As I was constructing the new Best Picture charts -- yes, they're finally up. Have a looksie -- it occurred to me that I was foolishly betting against a lot of regular Oscar players. Why couldn't I find room for, say, George Clooney (Monuments Men), Joel Coen & Ethan Coen (Inside Llewyn Davis), and Martin Scorsese (Wolf of Wall Street), for example? The answer came in three parts.
One. Willful Contrarianism.
I can be stubbornly off-trend and I believe you should be in very early predictions. A truth: before anyone has seen any of the films, anything is possible. Some of this stems from the wishful thinking of prophetic punditry i.e. if I refuse to believe that the Oscars are like the Emmys with the same shows (aka directors/actors) being nominated each year, than it will be so.
Two. 'Looks Good On Paper' Predictions Are Lazy.
If you only bet on the regular players you will usually score okay but never great in long lead Oscar nominations; Oscar lists are almost never made up of only obvious on-paper players. I have quite a solid track record in terms of year-in-advance predictions that I'd hold up against anyones. Sure I sometimes go 0 for 5 before anyone has seen anything but I've often scored 2 of 5 regularly with my year in advance pics (and 3 of 5 and higher in some rare cases) which is more than most can claim with any accuracy. Which is to say that usually when people claim to have been unusually prophetic a long time in advance they are the types who have faulty memories or change their predictions so often, daily and casually and with "or" and "and" caveats, that at some point or another they have predicted everything and thus predicted correctly. I trust you know the type of punditry, amateur and otherwise, I'm talking about.
Three. Nobody Gets Nominated Every Time.
Well except John Williams and Meryl Streep. But those are "special" cases. It's this last point I want to talk about. For instance, I know that I SHOULD predict Monuments Men since it's a Christmas release set in World War II from a multiple Oscar winner who everyone loves. But I just kept thinking about consecutive Best Picture nominations (not consecutive years but consecutive in directorial filmographies) so I looked into it a little bit.
Here are the 'they're always nominated!' assumed regulars vying for attention this year.
- Martin Scorsese (The Wolf of Wall Street). Up until this past decade he'd never had a consecutive Best Picture run, nope, not even two in a row. He did achieve three-in-a-row recently though (Gangs of New York, The Aviator, and his only winner The Departed). I'm just not feeling Wolf at the moment which strikes me as more Shutter Island (0 noms) than Hugo (11 noms). You?
- The Coen Bros (Inside Llewyn Davis). They've won four Oscars together but their very peculiar movies aren't always in the AMPAS wheelhouse. Their only consecutive BP nods were A Serious Man (that's still so weird to think of as a Best Picture contender, right?) and True Grit.
- Alexander Payne. Nebraska, which I am betting on for a Best Picture nomination sounds too modest for Oscar but the inexplicable (to me) love for The Descendants suggests that he might be in the zone right now. If Nebraska does win the nomination that would be three Best Pics in a row (after Sideways, and The Descendants) which would be quite a turnaround since his earliest (great) pictures were roundly ignored by awards bodies.
- David O. Russell. He has virtually the same story as Payne... early great pictures routinely ignored until it finally clicked with Oscar. A nomination for American Hustle would also give him three in a row (after The Fighter and Silver Linings Playbook and with those cast lists fused). I already feel stoopid for leaving this at #12. Maybe it's the 70s setting throwing me or the title changes? Trivia Note: This is Russell's very first period piece and given that he reads so contemporary it'll be interesting to watch him try.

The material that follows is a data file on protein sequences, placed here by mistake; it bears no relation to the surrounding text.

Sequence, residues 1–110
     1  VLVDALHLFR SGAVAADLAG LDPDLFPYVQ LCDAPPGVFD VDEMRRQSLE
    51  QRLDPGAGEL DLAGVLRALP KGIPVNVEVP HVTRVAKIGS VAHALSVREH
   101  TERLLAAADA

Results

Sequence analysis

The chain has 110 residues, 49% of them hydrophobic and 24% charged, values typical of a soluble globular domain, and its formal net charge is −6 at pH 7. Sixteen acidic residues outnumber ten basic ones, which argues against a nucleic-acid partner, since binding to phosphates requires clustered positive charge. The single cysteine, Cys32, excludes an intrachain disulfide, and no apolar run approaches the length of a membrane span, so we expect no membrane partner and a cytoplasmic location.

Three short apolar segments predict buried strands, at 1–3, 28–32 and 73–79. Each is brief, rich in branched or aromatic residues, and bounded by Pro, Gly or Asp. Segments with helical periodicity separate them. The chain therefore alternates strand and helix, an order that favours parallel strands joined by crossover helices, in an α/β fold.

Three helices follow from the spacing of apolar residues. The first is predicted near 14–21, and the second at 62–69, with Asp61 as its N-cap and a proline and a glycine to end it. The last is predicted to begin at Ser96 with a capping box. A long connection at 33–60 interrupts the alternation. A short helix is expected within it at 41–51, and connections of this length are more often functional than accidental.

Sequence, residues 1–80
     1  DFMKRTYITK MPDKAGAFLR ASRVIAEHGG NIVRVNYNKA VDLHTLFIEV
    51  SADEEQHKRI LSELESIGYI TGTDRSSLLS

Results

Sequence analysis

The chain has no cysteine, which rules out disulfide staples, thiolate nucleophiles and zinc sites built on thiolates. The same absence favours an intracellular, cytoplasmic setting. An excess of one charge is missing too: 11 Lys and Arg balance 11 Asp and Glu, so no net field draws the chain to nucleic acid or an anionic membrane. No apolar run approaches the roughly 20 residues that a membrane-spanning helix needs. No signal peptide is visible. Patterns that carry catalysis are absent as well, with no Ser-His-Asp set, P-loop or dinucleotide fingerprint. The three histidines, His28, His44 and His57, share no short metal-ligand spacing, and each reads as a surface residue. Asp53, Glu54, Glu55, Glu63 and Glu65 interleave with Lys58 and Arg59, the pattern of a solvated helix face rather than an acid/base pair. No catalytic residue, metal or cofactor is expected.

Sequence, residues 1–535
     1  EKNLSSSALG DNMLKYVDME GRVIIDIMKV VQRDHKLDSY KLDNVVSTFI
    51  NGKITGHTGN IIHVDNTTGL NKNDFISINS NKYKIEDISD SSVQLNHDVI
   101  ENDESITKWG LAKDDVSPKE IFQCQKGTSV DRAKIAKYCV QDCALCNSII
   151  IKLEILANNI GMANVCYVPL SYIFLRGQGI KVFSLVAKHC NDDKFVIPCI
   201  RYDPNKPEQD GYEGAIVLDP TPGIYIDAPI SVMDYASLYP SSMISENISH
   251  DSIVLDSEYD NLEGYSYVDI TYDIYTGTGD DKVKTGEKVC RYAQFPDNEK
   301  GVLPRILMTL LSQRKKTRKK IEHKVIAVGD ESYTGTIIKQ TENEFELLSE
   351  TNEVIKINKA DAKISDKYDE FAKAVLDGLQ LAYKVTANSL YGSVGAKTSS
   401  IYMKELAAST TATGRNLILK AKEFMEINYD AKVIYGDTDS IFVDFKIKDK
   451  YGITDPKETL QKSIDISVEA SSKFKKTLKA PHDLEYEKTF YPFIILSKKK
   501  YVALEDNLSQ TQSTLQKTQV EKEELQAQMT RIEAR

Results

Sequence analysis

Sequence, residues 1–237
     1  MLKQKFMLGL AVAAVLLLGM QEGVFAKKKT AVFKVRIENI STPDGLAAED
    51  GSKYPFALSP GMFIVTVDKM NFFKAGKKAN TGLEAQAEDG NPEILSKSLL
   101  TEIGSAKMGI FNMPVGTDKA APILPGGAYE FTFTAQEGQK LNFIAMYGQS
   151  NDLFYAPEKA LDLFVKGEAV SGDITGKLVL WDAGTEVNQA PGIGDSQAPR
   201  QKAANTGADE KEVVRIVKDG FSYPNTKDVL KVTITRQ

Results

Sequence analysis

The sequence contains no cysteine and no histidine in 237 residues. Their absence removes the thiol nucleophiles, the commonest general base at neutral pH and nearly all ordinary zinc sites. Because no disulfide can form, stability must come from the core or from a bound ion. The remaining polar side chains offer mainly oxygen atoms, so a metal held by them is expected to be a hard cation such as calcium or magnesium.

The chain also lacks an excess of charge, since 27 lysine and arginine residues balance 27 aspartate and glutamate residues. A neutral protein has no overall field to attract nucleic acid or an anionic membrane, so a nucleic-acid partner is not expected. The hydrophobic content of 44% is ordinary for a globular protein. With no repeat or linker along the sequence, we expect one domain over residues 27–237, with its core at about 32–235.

- George Clooney (Monuments Men). In the past seven years, Clooney has racked up 8 nominations and 2 statues from 7 different films (whew). In short, he owns Hollywood. This WW II Art Rescue drama with an all star cast marks his fifth directorial outing. The only one of the four previous he directed to win a Best Picture nomination was Good Night, and Good Luck. (2005)
- Bennett Miller. This 46 year old director is remarkably under-the-radar given his track record. But, get this, if Foxcatcher wins a Best Picture nomination (as I'm predicting) that'd be three in a row for him following Capote and Moneyball. That'd be three-for-three, too, since his only other feature is a documentary.
More Director = Best Picture Trivia?
Sure, why not...
Directors With the Most Best Picture Nominations
(which is not to imply that they were also nominated for producing, merely that their films were nominated)
He also holds the record for most Best Picture bids consecutively (*by year*) as he had a horse in the race in every Oscar competition starting with one of my favorite pictures (Dodsworth, 1936) and ending with a Best Picture winner (Mrs Miniver, 1942). Seven years! Such a great filmmaker. And prolific too so not all the pictures he made in that seven year run were nominated for the big prize.
Despite Spielberg's impressive Oscar record his golden triumphs aren't usually consecutive. The most he's ever managed "in a row" as a filmmaker is 2, which he's done a few times. And he definitely trails his fellow oft-rewarded filmmakers in the amount of acting nominations his films gather
If anyone knows who has the most consecutive Best Picture nominations in terms of the order of the films they made (not consecutive by calendar year since most directors don't make a picture every year) please share in the comments. Maybe it's Wyler but it could be Capra or Coppola (who both managed four) or someone else?